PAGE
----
Though Advent proper is still a month away, I’m turning my thoughts in that direction because I’m leading a weekly poetry group at Wycliffe. I’ve been part of this Advent reading group every year and it has been such a place of nourishment and friendship. We read aloud a couple of Advent poems each week, sit in quiet as long as we like, and then explore the thoughts that rise in each of us as we savor the woven words. Having found such strength myself in the reading of Advent poetry this week, I thought I’d share the poems we discover here over the next month. Perhaps you can glean, even a little early, some of the wonder and sharpened insight that we are gathering as well.
And I love the thought of friends sharing words across the world.
We’re following a different theme each week as we progress through the journey of advent. This week was our opening, where we looked at poems that evoke the haunting cry of Isaiah, ‘those who have walked in darkness’ before they have seen the great light. (I used the delightfully titled Haphazard by Starlight: A Poem a Day from Advent to Epiphany collection to find this week’s selections.)We looked at poems that evoke the themes of watching and waiting. I have loved what we explored this week because as I read the headlines that sometimes feel relentless in their exposure of what is worst in the human heart and in the world, it helps me to remember that we live in the tension of the now and not yet, the kingdom come in our hearts in a world that still aches and cries for redemption.
That’s what I think R.S. Thomas’ poem, ‘The Absence’ describes:
It is this great absence
that is like a presence, that compels
me to address it without hope
of a reply. It is a room I enter
Someday, I will meet a book or essay deadline with a week to spare. I will be calm, having lost no sleep, and having also kept life at a fairly ordinary rhythm in the meantime. I will also have maintained a normal round of blogging and email answering, thus giving evidence of my continued health and capacity to write to begin with.
That day has not yet come. I tend to meet deadlines in a writing vortex; I eat, breathe, sleep, and think the book to completion and all else falls by the wayside until the moment the thing has to be sent off. But meet my deadlines I do and I submitted the Book Girl manuscript at 3AM last Friday morning, with my husband nearby plying me with water and gummy bears (you’d be surprised at how effective these can be in maintaining mental strength) and all the candles in our little living room lit to keep me awake and inspired. My friends, Book Girl is on her way into the wide world.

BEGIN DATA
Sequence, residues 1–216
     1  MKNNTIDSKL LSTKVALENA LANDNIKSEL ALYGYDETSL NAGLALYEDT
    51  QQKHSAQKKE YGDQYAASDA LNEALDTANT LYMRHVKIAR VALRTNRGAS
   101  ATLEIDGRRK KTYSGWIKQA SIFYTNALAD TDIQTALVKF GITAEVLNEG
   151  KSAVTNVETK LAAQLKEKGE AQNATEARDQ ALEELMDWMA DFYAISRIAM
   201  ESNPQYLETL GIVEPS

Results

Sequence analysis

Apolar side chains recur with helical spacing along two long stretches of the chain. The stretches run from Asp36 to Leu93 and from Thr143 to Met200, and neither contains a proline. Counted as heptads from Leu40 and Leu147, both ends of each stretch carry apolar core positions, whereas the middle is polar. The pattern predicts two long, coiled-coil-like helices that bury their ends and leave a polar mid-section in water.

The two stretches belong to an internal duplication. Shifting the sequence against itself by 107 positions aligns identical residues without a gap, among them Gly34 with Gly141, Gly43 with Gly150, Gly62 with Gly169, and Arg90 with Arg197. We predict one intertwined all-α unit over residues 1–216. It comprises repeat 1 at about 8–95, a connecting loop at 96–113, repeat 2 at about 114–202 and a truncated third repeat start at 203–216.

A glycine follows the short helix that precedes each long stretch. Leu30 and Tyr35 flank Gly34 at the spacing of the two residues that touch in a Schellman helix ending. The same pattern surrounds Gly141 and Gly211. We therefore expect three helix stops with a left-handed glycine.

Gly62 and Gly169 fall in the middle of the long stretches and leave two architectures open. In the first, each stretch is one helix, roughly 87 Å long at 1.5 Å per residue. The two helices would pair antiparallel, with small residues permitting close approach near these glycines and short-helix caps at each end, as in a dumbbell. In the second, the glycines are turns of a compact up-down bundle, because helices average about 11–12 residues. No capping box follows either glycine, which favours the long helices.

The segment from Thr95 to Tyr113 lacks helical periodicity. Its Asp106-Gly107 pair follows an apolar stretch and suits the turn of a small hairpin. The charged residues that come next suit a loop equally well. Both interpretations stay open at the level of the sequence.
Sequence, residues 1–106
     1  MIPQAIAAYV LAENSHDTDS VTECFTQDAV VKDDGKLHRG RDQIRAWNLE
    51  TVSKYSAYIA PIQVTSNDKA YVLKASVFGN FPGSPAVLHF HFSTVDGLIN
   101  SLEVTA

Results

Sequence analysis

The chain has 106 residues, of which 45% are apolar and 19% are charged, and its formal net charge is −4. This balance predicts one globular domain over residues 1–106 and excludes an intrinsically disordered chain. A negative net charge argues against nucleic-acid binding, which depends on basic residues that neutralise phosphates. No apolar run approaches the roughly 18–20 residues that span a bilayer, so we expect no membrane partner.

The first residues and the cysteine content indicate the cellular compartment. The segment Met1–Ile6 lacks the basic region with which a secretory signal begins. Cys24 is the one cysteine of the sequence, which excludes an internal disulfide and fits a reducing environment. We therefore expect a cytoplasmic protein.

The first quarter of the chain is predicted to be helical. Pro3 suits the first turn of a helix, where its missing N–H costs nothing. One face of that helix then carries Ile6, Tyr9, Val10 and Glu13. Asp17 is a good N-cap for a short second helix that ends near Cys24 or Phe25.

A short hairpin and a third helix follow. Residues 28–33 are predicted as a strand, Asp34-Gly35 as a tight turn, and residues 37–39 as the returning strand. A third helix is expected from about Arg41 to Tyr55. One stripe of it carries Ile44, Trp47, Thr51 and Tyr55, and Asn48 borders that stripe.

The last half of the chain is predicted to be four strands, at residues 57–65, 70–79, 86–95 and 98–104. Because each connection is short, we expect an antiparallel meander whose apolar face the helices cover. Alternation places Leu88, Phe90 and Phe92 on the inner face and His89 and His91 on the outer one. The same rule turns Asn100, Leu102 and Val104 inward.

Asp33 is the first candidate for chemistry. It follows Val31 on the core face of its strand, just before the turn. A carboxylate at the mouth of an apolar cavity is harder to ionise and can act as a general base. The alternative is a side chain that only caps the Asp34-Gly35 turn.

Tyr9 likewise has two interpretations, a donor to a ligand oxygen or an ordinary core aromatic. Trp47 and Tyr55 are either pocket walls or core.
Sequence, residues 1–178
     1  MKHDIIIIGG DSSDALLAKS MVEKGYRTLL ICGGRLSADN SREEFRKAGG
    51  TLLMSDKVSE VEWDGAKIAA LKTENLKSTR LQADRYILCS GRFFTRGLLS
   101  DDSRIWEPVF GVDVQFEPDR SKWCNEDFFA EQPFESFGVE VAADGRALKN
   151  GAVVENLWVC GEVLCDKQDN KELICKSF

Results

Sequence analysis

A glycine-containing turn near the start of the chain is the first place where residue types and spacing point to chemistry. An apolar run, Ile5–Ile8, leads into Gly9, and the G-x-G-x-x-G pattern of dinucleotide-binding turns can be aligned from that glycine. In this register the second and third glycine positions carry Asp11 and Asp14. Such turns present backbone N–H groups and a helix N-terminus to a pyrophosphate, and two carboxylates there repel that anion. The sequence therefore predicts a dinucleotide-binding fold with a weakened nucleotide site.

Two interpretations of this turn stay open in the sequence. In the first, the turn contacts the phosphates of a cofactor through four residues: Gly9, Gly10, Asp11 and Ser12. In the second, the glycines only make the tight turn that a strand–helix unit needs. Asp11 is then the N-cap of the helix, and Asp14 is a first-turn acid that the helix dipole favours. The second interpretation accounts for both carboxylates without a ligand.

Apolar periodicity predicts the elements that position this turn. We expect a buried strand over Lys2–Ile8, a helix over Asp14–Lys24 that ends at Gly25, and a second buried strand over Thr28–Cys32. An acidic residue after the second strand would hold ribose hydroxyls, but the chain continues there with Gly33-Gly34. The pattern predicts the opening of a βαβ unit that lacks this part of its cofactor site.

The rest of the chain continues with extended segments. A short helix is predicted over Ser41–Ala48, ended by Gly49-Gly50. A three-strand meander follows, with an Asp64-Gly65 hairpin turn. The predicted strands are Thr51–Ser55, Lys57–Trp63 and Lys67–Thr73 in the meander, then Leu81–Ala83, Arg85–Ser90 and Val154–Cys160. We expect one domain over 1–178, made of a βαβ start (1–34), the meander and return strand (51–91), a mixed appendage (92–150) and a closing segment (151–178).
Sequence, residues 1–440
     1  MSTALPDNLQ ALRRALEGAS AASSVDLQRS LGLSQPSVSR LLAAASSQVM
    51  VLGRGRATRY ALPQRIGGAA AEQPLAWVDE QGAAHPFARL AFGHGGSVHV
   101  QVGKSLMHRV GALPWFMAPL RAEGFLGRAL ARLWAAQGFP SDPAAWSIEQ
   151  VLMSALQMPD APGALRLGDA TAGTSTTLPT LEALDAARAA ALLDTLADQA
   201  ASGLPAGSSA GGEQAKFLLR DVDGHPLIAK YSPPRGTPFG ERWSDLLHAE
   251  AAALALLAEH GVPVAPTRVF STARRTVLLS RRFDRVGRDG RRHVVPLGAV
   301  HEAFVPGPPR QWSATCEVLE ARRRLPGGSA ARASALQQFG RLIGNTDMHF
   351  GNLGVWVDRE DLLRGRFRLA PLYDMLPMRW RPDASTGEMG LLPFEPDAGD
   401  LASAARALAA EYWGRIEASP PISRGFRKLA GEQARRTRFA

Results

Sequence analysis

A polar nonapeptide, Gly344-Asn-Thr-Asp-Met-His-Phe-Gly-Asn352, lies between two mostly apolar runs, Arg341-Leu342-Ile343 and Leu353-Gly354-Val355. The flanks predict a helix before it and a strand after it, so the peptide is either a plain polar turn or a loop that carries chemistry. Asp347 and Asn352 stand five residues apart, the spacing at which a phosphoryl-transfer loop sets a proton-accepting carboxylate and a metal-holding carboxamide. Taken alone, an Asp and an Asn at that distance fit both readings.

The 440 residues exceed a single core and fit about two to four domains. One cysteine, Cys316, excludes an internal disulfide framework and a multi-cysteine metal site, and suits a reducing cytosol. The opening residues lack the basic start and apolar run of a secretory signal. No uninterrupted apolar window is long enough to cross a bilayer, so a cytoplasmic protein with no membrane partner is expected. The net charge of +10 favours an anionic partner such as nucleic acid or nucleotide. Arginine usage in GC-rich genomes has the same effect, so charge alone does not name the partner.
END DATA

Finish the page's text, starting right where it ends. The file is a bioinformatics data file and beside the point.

And having emerged from the vortex I can greet you here again. As I write from my spot in the Wycliffe Library on this relaxed afternoon, the sun, a blessed sun that feels like a gift in the midst of autumn’s growing grey, flickers over my hands. Leaves shimmer gold in the wind, the air is easy and cool and my mind turns afresh to the grace of this moment, the gift of the ordinary splendor in such wild play out the window of every day. I think I see with even a little more gratitude than I did before because of the books I’ve been reading over the summer of writing, and the way they have shaped my idea of what it means to be a writer, and what I receive every time I read.
One of the books I discovered is Robert MacFarlane’s slim little bound essay The Gifts of Reading. I first read MacFarlane several years ago when I found a copy of his The Old Ways: A Journey on Foot. The book was part contemplation, part real-life novel, part history, part literary ramble centred on the his fascination with ‘landscape and the human heart’. In ordering his little essay I discovered his most recent book, a glory of a children’s picture book written to help modern children reengage with the fading language and ever-present mysteries of the natural landscape. And it has won my heart.
The Lost Words is a luminous, lyrical book of illustrations that evoke the movement and essence, the ordinary miracle of things like ‘dandelion’, ‘otter’, ‘bramble’, and ‘acorn’. I’ve seen snippets of it online and perused it at the bookstore (it’s on my ‘please-someone-get-me-this-for-Christmas-list) and what I find in its pages is the sense of something created as a gift. It reminds me of the Millais painting of a blind girl sitting under a rainbow and the girl beside her describing it (an image that was deeply meaningful to me). This is, in a way, MacFarlane’s and his illustrator Jackie Morris’ way of ‘writing the rainbow’ for the children who can’t see it and in that description, beginning to heal the blindness.
Books like that are acts of generosity. Many books, I believe, are. After a summer spent revisiting old classics, exploring new beloveds, crafting lists of the books that formed the way I see the world, I’ve realized that often the books I love the most are an offering rooted in an author’s sense of responsibility and thanks for some goodness or truth deeply perceived. It may be grace glimpsed in sorrow. Acceptance sprouting up in disaster. But there is a rich sense of Denise Levertov’s affirmation that: I believe poets are . . . makers, craftsmen: it is given to the seer to see, but it is then his responsibility to communicate what he sees, that they who cannot see may see, since we are ‘members one of another.’
In writing Book Girl I have become deeply aware of the fact that as a writer, I speak from what I have been generously given. I am a lover of books, a student of theology, one who can wonder at the world because so many people before me – my parents, my favorite writers, the friends who pressed good books into my hands, the tutors here at Oxford who were faithful to communicate what they had discovered – were generous with their words. They spoke me into wonder. They startled me awake. They took me by the hand of mind and soul and pointed at the rainbow.
My great hope for Book Girl is that it will be the same. A giving of thanks that begins the vision for another reader. If that could be the case, I think the vortex would be worth it.